Dan in Real Life Review

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by Casimir Harlow Mar 31, 2008 at 12:00 AM

    Dan in Real Life Review
    There are some movies you see which, irrespective of their genre labelling, manage to strike a chord with you. What should be trite is strangely familiar, what should be cheesy is actually quite sweet and what could have been just another Hollywood rom-com turns out to be more of a particularly perceptive relationship and character study. Don't get me wrong, I'm not tipping this for an Oscar, but this is certainly a movie that can be related to from the perspective of one of the many realistic characters. And boy did I not expect that when I first watched it.

    Dan is a widower, who has his hands full with three daughters, a mature 17 year-old, a precocious 14 year-old and an insightful 8 year-old. He clearly loves them, and wants what is best for them, but his over-protectiveness often leaves them feeling suffocated. And Dan himself appears to have forgotten what it is like to be passionate about something, or someone - despite being a relationship columnist, he never seems to take his own advice. On a family retreat, he bumps into a woman in a bookshop and they instantly find chemistry, spending the day together talking and laughing as if they were made for one another. Unfortunately she is not single, but when they part company she offers her number and hopes he might call. Unbeknownst to the both of them, this lovely lady, this soul-mate, just happens to be Dan's brother's new girlfriend - and is also invited to the family retreat. And when they meet once again, things become pretty complicated, pretty quickly.

    I'm not sure how often I have seen this kind of story before, but I've definitely not seen it done like this. What seems like an improbable scenario is handled adeptly, showing us clearly why these two are meant to be together, and showing the damage it can do when they try and deny it - and hide their feelings from their loved ones. There's jealousy, denial, insecurity, betrayal, charm, chemistry, romance, love and laughter all rolled into this package, and every single one of the individual inter-family relationships work superbly - from the father-daughter trilogy, to the way in which he interacts with his brothers and parents, who seem to see him as something of a joke, somebody to be pitied. And of course it all ties into the main story of Dan and the love of his life, the overwhelming chemistry, the pain, and the tragedy all coming together to leave you wondering whether you've ever had any of these moments in your life.

    “What don't I understand? Please, help me out. What is it? Is it frustrating that you can't be with this person? That there's something keeping you apart? That there's something about this person that you can connect with? And whenever you're near this person, you don't know what to say, and you say everything that's on your mind and in your heart, and you know that if you could just be together, that this person would help you become the best possible version of yourself?”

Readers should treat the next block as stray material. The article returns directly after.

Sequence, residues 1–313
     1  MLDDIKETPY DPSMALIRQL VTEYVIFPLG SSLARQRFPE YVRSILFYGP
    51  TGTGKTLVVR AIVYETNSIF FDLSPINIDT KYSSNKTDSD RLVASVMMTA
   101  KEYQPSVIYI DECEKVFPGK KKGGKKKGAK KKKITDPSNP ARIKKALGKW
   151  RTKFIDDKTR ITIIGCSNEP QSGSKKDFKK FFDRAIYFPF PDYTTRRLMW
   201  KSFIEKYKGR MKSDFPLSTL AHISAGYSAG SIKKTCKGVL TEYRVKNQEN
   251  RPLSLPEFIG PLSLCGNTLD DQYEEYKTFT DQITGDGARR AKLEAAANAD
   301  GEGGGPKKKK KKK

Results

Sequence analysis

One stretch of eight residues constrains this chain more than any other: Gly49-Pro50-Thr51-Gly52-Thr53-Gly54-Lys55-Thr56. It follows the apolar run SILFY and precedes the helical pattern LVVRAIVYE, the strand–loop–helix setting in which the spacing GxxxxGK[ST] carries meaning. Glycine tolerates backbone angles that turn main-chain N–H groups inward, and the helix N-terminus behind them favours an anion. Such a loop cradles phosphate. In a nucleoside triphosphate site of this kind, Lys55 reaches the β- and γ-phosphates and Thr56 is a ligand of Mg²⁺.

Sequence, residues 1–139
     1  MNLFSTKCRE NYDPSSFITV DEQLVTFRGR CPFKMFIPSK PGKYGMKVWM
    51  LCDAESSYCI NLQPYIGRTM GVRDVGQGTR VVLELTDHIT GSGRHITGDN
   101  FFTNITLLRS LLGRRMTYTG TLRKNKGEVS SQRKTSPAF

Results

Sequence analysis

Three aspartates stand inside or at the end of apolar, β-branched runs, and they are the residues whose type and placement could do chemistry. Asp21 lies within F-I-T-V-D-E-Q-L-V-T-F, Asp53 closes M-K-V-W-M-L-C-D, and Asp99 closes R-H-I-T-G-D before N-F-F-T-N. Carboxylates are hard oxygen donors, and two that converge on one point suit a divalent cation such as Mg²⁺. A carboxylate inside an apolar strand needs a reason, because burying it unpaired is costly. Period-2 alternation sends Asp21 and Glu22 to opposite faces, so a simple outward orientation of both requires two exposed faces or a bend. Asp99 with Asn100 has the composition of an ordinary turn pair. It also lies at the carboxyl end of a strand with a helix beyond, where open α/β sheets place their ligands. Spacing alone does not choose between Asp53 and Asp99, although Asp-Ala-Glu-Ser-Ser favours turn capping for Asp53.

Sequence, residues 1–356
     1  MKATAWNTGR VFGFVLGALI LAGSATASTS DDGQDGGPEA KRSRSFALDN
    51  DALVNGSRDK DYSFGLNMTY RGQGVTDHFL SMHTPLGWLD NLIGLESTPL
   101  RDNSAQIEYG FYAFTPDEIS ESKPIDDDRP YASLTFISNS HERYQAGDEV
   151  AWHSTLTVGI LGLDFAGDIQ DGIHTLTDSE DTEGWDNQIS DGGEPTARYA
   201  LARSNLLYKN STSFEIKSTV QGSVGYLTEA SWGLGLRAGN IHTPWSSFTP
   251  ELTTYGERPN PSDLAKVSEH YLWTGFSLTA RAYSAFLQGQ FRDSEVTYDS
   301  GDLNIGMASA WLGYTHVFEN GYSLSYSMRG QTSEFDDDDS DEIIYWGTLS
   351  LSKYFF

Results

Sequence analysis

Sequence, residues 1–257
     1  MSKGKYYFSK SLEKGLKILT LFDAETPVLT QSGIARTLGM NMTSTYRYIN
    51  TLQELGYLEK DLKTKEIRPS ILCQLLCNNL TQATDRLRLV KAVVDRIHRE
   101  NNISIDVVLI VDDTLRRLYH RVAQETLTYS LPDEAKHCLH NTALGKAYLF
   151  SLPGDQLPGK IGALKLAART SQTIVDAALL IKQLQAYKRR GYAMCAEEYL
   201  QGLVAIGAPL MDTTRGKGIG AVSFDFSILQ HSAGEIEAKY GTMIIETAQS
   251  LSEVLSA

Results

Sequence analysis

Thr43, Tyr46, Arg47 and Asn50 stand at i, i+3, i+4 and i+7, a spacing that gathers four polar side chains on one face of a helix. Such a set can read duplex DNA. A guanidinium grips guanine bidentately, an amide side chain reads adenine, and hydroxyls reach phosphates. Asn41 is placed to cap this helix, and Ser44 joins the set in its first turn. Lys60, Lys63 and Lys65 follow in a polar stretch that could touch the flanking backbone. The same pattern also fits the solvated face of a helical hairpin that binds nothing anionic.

If there's anyone I can relate to it's Steve Carrell's Dan, so I'm only grateful that I don't have any brothers. Carrell really is the man behind (seemingly) unintentionally hilarious characters who you can certainly sympathise with, if not empathise with. He was superb in 40 Year Old Virgin, and you feel almost as sorry for him here, as the man who simply does not know what to do about his ridiculous but undeniably fateful predicament. Juliette Binoche plays the woman, Marie, who is clearly torn between the stable, promising relationship she is in and the dream that she so fleetingly glimpsed with Dan, and she handles the role extremely well, but the really important thing is the fact that the two appear to have enough on-screen chemistry to pull it off. Their best moments involve one or other finding it impossible to avoid laughing - or crying - at the actions of the other, and the bathroom scene is simply superb.

    All of the smaller roles are carried off well, from the brother (Dane Cook) to the three daughters, and even the parents, but it's the two at the centre that carry the movie, with Carrell being particularly normal and down-to-earth. It's funny because even the smallest sign of rebellion from him, the smallest gag (like with the cop who pulls him over) carries with it a big audience response, as we've been waiting all this time to see his character let loose.

    It's difficult to see how this movie would not strike a chord in even the coldest of hearts - it's likely to hit the spot whether you're a natural born romantic or whether you have an aversion to romantic comedies, playing on the insightful rather than the clichéd, and allowing you to actually see the relationships evolve rather than have the results spoon-fed to you. And whether you're more the concerned father with precocious teenage daughters, the confused girlfriend who doesn't know whether to follow her head or her heart, or the lead character himself, who has finally found the chica of his dreams, despite it being seemingly impossible for them to be together, there are plenty of honest, well-played characters in this enjoyable little affair. Recommended.

    The Rundown

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